Hurricane Exercise ‘Neo’ Tests Emergency Response Readiness
Representatives of the National Emergency Operations Centre (NEOC) convened on 9 June for the annual National Hurricane Exercise, which tests the national emergency response mechanism.
The emergency drill brings together representatives of the 18 NEOC Emergency Support Teams and the Policy Group, which are activated in the event of a hurricane threat or impact.
“The exercise is an opportunity to practice before an impact occurs, identify gaps and areas for improvement and to ensure members of the NEOC are familiar with their roles in the national response mechanism,” explained Dani Coleman, Director of Hazard Management Cayman Islands (HMCI).
The exercise was held in the NEOC located in the Government Administration Building and this year the scenario was called ‘Hurricane Neo.’
The exercise began at 9 am with opening remarks from the Chairman of the National Hazard Management Council Hon. Franz Manderson who noted that, “having gone through an extended NEOC activation in 2020 for the pandemic, the structure was already operating efficiently and effectively.”
Mr. Manderson thanked the participants for their ongoing commitment, which he described as critical to keeping residents safe in a crisis.
Director General of the Cayman Islands National Weather Service John Tibbetts provided a quick review of 2020 hurricane season and the forecast outlook for 2021. The main part of the hurricane exercise then got underway with participants considering various emergency scenarios.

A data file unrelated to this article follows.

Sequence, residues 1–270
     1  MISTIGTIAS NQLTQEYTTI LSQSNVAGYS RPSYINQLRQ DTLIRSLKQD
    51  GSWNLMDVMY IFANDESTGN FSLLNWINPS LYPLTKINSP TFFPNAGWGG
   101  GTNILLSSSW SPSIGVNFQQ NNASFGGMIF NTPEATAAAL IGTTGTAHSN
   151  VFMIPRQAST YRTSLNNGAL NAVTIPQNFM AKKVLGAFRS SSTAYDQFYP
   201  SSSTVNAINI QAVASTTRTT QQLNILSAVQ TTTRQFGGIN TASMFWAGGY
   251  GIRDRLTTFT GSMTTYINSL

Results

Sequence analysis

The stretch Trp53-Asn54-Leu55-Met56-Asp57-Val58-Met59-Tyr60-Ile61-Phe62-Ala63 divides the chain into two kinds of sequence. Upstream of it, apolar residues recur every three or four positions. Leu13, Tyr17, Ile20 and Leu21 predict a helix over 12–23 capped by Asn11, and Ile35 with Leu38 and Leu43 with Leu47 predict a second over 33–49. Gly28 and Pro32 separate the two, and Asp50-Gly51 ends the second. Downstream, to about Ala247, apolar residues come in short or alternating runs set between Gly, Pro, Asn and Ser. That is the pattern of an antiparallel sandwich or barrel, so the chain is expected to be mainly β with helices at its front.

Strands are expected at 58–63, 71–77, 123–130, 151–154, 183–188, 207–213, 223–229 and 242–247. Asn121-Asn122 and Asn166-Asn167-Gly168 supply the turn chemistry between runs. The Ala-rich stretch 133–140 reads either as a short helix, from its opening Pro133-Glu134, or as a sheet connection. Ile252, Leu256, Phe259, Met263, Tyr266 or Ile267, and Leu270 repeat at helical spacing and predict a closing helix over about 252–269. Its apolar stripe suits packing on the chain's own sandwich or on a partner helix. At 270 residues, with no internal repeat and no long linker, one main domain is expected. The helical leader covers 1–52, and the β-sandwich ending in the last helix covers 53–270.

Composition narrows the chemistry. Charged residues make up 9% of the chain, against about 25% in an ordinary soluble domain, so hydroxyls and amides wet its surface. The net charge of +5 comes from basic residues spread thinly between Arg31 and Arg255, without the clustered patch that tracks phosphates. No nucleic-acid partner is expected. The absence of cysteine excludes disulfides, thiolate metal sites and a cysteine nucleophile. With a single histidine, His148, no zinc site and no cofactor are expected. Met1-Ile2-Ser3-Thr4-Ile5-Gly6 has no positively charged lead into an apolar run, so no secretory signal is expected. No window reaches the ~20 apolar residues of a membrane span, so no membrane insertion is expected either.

Ms. Coleman explained, “A typical table-top exercise involves key personnel discussing simulated scenarios in an informal setting and it can be a very useful tool for assessing policies and procedures. The scenario provided a reasonably realistic depiction of a hurricane on approach, the impact and post impact and gave us an opportunity to examine our response mechanism.”
The exercise concluded in the afternoon with a review and with the Emergency Support Teams and NOEC Cluster Managers making a number of recommendations for adjustments and updates to the National Hazard Management Plan.